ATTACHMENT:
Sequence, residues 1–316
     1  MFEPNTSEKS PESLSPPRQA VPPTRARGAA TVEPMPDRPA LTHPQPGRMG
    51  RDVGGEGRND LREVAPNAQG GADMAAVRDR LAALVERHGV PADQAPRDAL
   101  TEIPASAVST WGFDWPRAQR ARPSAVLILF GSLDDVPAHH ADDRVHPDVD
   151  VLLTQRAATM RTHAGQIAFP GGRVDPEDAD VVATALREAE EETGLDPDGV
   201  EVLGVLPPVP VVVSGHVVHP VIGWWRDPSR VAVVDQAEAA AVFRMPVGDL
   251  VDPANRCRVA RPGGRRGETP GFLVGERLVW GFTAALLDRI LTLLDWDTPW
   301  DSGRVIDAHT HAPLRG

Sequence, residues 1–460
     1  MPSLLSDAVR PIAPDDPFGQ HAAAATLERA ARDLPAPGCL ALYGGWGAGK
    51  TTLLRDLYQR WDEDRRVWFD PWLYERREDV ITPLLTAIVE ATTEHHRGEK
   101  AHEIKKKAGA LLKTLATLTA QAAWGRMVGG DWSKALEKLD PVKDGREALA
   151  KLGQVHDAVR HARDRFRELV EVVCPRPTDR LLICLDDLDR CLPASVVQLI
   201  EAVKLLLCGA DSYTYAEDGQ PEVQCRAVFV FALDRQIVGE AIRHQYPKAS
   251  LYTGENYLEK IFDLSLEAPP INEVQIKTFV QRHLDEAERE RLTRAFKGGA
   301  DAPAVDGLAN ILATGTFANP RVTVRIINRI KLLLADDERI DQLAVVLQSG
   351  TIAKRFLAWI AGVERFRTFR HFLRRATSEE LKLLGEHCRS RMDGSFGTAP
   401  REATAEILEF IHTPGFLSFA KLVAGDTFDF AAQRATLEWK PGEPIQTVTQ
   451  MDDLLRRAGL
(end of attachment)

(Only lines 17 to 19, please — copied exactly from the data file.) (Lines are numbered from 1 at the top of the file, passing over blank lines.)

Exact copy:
   351  TIAKRFLAWI AGVERFRTFR HFLRRATSEE LKLLGEHCRS RMDGSFGTAP
   401  REATAEILEF IHTPGFLSFA KLVAGDTFDF AAQRATLEWK PGEPIQTVTQ
   451  MDDLLRRAGL